We'll be in town for the 2014 Public Health Informatics Conference (http://phiconference.org/) and we're hosting an Atlanta kickoff for the Health Data Liberation group on Wednesday night.
We're looking to get together with like-minded professionals to talk about the 8 Principles of Open Health Data.
The venue, Opportunity Hub (http://ohub200.com/), is the premier Atlanta co-working space at the intersection of innovation, culture and capital. The space is right next door to the Westin (http://www.starwoodhotels.com/westin/property/overview/index.html?propertyID=1023), where the conference is held.
Dr. Rebecca Wurtz will be the main speaker, along with Daniel X. O'Neil from the Smart Chicago Collaborative.
We are taking part in a related conference learning session ("Open and Online: Accessing and Using Health Data (http://phiconference.org/schedule/schedule-of-events/#/?i=2)") but we're also excited about meeting up in this setting to do a deep-dive into the principles & learn more from conference attendees.
8 Principles of Open Health Data
In order to fully realize the potentially profound benefits of digital health data, open access to de-identified non-aggregate health data is essential. We propose eight principles of open health data, modelled on “8 Principles of Open Government Data,” to guide management of, access to, and governance of this data.
1. Open access to de-identified health data is essential to optimizing the health of populations and individuals.
2. Data must be de-identified in order to address individual concerns about privacy and the economic and social consequences of disclosure, but as a society, we should work toward eliminating negative consequences of disclosure of health information.
3. De-identified data should be available to any user for any purpose, with minimal barriers to access. Rigorous de-identification of data results in some loss of fidelity and precision. Researchers who present credentials and institutional review board approval and plans for secure data storage and destruction should be provided a less rigorously de-identified data set.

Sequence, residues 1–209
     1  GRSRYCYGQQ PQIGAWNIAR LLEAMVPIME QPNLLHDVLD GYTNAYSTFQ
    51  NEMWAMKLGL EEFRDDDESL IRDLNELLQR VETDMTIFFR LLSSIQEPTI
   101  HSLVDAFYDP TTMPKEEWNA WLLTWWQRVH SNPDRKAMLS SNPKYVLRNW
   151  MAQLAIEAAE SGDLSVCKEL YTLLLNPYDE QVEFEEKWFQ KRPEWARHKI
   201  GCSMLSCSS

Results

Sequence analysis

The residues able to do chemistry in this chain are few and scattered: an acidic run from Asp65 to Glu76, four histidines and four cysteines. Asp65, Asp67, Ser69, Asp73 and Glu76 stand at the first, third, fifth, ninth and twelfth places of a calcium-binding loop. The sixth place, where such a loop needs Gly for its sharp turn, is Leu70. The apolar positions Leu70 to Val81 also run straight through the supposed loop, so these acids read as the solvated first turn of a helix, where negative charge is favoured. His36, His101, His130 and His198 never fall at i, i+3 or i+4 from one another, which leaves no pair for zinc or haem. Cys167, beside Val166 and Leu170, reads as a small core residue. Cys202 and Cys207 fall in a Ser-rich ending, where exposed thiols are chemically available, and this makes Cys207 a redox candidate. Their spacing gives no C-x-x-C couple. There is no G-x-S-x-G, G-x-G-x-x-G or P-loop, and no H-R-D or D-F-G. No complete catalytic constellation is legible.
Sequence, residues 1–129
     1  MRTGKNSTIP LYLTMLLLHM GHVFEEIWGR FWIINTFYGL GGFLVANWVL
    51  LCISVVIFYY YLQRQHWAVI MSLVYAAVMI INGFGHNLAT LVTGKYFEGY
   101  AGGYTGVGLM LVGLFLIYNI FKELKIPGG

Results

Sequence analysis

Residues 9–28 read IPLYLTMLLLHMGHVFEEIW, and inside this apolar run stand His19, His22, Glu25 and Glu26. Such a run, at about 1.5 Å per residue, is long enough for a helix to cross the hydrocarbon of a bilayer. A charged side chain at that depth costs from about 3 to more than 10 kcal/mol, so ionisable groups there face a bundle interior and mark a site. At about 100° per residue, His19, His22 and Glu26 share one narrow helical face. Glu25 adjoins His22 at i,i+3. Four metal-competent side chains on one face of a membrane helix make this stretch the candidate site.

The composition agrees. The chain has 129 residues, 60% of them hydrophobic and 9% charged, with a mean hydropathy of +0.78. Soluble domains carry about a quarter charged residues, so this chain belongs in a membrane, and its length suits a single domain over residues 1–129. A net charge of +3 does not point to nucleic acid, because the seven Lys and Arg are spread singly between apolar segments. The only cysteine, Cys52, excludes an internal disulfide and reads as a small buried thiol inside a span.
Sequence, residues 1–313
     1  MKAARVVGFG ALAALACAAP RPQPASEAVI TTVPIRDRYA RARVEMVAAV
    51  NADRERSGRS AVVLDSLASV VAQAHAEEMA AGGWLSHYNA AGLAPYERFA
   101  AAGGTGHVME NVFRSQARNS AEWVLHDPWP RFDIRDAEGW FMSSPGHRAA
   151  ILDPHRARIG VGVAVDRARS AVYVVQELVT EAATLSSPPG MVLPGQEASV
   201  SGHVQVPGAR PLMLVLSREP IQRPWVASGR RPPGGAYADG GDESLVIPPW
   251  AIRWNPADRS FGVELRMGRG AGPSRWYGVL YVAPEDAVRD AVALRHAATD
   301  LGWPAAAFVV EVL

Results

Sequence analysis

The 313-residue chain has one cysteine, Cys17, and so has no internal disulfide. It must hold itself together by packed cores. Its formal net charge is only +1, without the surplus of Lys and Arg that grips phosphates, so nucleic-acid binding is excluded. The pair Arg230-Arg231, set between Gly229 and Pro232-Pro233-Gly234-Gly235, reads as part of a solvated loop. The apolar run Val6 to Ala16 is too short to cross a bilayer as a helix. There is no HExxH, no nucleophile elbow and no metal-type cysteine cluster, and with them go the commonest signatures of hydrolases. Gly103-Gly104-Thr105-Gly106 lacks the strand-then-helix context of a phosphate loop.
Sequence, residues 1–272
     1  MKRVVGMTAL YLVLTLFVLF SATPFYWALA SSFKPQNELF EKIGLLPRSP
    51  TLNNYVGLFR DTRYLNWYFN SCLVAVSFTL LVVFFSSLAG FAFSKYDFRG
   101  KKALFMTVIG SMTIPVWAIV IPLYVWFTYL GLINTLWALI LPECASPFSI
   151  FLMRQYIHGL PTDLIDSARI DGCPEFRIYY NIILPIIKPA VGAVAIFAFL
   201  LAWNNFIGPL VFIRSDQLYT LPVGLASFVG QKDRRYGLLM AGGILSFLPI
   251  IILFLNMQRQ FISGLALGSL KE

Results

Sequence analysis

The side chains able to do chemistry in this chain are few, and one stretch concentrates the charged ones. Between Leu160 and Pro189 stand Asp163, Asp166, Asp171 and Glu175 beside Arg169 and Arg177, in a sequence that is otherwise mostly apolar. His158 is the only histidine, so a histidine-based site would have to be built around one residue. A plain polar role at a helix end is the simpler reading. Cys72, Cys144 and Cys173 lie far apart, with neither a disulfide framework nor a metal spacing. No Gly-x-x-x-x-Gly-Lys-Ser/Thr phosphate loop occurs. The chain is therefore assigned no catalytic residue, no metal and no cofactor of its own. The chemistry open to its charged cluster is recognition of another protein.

4. Participation in health care funded with public money, including health care based on publicly funded research (essentially all health care), should stipulate participation in open health data.
5. A custodial entity that serves and protects both society’s and the individual’s interests in the data should manage the data repository.
6. Health data must be as complete as possible—including prenatal through postmortem clinical data, behavioral and genomic data, data about environment and occupation—to fully understand the connections between health and its social and medical determinants. Given the enormous obstacles to open data posed by electronic medical records at this time, a subset of data relevant for public and population health purposes should be defined to make data acquisition feasible. However, the ultimate goal should be to make the record as complete as possible.
7. Data must be added to the database in a timely way (e.g., not after death) in order to produce the most significant benefit. The record should be updated frequently, but need not be updated in real time.
8. Data must be collected and provided as much as possible using national and international health data community standards, but non-structured data should be collected where possible or necessary.
Rebecca Wurtz, MD, MPH Northwestern University Chicago IL
Daniel X. O’Neil Smart Chicago Collaborative Chicago IL